The territory that had not been settled was divided into a square called a township that measured 6 miles and subsequently divided into 36 areas which each measured 1 mile or 640 acres. Each area was available to be purchased from the government at a price of $1 per acre.

The total cost of $640 alongside the massive cost or labor required to clear such a large plot put them far out of the reach of many people, consequently, as a method of generating income for the government it was fine but it did not encourage a mass regeneration.

By 1800, the lot size was halved to 320 acres, and purchasers were allowed to pay for them by means of 4 installments, however, the price remained fixed at $1.25 per acre until 1954. At this time, federal legislation established a graduated scale of land prices to reflect the desirability of the lot.

At the same time, plots that were not as desirable and had been on the market for 30 years were reduced to 12 ½ cents per acre. Soon after this, land in the Oregon Territory was made available with extraordinary bonuses to veterans. This made homesteading an option for some, but for most, it was still not affordable.

With new demographics, and the changing social climate of early 19th-century America, the evolving economy created popular pressure to change land allocation policy.

In the 1830s and 1840s, with the price of cotton, wheat and corn rising more affluent eastern farmers were able to buy out smaller ventures to increase their land and crops. These displace farmers looked to move to the west, especially areas that were not forested as this was more affordable.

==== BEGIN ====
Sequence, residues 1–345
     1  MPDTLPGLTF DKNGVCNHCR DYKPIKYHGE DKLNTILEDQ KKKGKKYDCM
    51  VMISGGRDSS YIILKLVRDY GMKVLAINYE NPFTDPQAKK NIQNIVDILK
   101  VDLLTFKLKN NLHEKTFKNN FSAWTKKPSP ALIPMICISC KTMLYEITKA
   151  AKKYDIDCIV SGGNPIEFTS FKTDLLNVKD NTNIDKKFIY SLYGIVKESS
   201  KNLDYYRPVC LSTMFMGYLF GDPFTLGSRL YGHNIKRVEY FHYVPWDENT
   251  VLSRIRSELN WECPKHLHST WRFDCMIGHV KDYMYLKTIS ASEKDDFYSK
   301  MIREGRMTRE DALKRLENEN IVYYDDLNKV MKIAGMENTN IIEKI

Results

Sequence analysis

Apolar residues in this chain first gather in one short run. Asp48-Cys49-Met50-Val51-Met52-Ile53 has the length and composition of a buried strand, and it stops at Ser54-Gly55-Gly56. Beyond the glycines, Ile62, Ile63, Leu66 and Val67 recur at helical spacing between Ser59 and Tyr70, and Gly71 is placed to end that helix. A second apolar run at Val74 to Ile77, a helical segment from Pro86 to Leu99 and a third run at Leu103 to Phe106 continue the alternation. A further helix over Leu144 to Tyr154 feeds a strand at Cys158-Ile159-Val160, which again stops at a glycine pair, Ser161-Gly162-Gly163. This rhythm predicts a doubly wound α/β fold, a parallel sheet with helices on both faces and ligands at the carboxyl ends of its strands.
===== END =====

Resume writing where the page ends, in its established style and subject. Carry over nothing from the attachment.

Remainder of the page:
Prior to the American war with Mexico, people demanded settlement as a right, and argued that they should be allowed to settle and pay for the land later from their profits. This was opposed as it was felt that more would be encouraged to settle and this would greatly reduce the cheap labor base that the emerging factories relied upon.

With emerging opportunities and growing prosperity immigrants looking to develop a new way of life were attracted to the western regions of America.

As the infrastructure development gained pace across the country the western regions became much less reliant on goods flowing through the New Orleans Harbor. Also, at this time, the repeal of the Corn Laws in England allowed a greater opportunity for American agriculture.

Even with these developments and the efforts of many to improve homesteading laws, there was still significant opposition.